'The Cage Fighter': Film Review

A real-life version of Hollywood boxing-movie tropes.
2/2/2018

Jeff Unay's documentary profiles an aging mixed martial arts fighter struggling with personal and physical issues.

If The Cage Fighter were a fiction film rather than a documentary, it would feel awfully familiar. This portrait of an aging amateur mixed martial arts fighter uncannily echoes Hollywood movies such as The Champ, Rocky, The Wrestler, Raging Bull and countless others. That the real-life figure at its center seems hellbent on following a trajectory similar to those films' fictional characters gives the documentary its emotional power.

Marking the directorial debut of Jeff Unay (a visual effects veteran whose credits include Avatar and Peter Jackson's King Kong), the documentary revolves around Joe Carman, who's facing a tough time as he turns 40. Based in Washington state, Joe toils in the boiler room of a ferry. But his real passion is mixed martial arts, which he continues to pursue despite no apparent success and the strong disapproval of his wife and daughters, who have recently discovered he's fighting again after he had promised them he would give it up.

Joe's aging body is not his friend. He struggles to lose weight, and when a trainer chastises him, he responds, sorrowfully, "I work in a boiler room all day long! I gotta drink water! I gotta eat!" He also experiences recurring vertigo; during a medical examination, his doctor tells him he may be suffering from post-concussion syndrome.

Joe has personal issues as well, including his wife's chronic illness (it goes unspecified in the film, which is not strong on delivering relevant information). When Joe visits his parents, he gets into a vicious argument with his elderly, alcoholic father who loudly berates him. When he goes to court to try to prevent his ex-wife from relocating with his daughters from his first marriage, his appeal is denied by the judge. The only pleasure Joe seems to achieve comes from his loving interactions with his young daughters from his current marriage and the pet goats he keeps in the backyard.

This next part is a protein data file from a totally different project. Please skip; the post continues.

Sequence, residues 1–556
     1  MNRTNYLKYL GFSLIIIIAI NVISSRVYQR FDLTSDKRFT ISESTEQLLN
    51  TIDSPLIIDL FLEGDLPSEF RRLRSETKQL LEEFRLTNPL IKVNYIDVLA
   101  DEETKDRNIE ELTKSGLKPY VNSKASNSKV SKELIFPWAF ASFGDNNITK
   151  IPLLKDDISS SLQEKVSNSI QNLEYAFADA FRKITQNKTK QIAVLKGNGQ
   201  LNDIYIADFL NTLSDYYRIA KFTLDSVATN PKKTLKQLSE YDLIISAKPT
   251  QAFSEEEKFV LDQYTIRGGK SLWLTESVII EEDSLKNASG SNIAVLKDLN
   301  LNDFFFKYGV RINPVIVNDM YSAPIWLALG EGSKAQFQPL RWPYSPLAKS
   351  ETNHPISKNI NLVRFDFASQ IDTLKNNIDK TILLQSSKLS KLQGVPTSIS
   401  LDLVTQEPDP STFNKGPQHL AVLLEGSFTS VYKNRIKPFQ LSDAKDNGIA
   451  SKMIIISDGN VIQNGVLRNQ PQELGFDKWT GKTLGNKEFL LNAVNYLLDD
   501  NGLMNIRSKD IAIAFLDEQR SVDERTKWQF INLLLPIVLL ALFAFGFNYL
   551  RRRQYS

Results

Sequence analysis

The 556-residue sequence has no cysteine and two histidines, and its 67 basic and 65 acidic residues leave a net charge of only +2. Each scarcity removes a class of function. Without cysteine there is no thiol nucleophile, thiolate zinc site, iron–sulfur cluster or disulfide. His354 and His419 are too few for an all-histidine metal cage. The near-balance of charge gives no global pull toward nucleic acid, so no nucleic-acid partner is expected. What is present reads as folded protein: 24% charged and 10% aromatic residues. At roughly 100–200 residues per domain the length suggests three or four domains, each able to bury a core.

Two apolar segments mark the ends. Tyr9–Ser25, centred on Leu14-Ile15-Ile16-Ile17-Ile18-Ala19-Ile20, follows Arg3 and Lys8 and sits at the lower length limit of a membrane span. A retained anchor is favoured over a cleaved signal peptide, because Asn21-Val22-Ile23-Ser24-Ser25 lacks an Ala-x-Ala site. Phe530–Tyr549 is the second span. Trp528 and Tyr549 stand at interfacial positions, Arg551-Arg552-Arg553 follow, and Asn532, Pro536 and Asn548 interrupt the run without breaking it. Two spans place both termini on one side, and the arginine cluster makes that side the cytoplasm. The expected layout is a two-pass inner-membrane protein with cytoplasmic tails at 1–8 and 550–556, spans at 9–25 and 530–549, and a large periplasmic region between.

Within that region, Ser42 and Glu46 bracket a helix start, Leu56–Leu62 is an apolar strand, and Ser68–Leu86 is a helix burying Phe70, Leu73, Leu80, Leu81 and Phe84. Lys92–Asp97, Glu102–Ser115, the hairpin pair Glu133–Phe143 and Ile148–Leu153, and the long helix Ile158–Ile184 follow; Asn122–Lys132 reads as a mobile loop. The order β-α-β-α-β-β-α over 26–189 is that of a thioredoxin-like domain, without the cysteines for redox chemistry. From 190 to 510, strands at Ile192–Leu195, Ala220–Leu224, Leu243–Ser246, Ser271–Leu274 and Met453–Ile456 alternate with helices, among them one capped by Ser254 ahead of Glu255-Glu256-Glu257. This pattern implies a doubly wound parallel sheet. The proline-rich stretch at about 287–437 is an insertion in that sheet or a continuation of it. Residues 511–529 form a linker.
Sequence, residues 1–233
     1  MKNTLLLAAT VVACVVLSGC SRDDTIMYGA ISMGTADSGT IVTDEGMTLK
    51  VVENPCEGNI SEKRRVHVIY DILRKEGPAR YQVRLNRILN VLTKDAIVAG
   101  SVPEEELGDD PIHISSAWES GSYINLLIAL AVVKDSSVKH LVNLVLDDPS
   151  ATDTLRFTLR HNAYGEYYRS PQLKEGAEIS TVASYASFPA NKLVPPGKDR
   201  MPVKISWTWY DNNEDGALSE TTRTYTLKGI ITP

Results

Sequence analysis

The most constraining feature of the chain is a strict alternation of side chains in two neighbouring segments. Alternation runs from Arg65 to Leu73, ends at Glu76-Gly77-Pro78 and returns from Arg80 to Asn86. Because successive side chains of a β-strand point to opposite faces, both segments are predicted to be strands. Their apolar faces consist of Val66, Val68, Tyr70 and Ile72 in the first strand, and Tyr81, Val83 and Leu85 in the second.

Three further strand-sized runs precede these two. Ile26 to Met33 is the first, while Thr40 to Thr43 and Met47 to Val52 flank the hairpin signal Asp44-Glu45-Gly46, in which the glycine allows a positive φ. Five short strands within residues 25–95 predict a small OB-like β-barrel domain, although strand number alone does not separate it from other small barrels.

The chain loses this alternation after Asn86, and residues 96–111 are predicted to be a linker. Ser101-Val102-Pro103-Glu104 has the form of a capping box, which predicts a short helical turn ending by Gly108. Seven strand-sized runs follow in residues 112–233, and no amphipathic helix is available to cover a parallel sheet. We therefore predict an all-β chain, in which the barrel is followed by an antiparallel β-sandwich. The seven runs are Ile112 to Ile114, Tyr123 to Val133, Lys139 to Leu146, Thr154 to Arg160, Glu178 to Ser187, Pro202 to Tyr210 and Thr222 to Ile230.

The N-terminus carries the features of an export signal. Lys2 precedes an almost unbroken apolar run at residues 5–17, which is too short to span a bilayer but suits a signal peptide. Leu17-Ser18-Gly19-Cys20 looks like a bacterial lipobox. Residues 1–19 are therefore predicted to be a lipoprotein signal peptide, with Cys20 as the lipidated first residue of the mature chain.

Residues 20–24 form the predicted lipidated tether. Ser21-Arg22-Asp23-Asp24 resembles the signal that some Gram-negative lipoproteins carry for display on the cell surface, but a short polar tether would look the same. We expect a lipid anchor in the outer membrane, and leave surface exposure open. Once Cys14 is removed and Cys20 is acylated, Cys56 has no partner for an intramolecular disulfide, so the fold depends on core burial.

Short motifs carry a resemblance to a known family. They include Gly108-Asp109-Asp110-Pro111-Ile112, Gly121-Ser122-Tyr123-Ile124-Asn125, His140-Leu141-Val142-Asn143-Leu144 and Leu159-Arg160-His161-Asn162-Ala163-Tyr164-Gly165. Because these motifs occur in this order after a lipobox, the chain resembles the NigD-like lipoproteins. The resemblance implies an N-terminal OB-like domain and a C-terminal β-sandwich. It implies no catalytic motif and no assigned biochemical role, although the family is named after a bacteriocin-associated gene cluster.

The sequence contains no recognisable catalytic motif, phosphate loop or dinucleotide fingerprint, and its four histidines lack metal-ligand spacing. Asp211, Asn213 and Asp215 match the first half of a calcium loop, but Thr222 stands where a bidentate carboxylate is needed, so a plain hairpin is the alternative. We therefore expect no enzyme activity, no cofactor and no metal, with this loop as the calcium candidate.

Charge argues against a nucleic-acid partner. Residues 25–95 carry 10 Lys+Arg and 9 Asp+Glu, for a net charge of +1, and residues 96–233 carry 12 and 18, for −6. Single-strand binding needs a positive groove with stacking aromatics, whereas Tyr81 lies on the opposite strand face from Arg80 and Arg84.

Lacking narration or graphics, the documentary employs a fly-on-the-wall approach that proves frustrating. There are times when it pays off, with two of the more compelling scenes involving Joe's interactions with fellow fighters. In the first, one of his contemporaries points out that "fighters are like strippers" as both tend to have mental issues and expiration dates. In the second, Joe sits at a bar with a younger fighter who lengthily recounts his many personal problems stemming from his vocation, including the recent ending of a long-term relationship.

The most powerful sequence shows Joe fighting a match, one which he had made the unfortunate decision of bringing his daughters to watch. As Joe gets pounded unmercifully by his opponent, his little girl breaks out into hysterical sobbing.

The Cage Fighter, like so many cinema verite-style documentaries, often causes the viewer to wonder how much its subjects are playing up to the camera. That feeling is particularly strong in this case, with Joe often seeming to be relishing the frequently self-induced drama in his life as much as suffering from it. But if he is acting, he's doing a damn impressive job of it.

Production: Cinereach, Lineage Films, The Filmmaker Fund
Distributor: Sundance Selects
Director/director of photography: Jeff Unay
Producers: James Orara, Jeff Unay
Executive producer: Andrea Meditch
Editor: David Teague
Composer: Ben Winwood

81 min.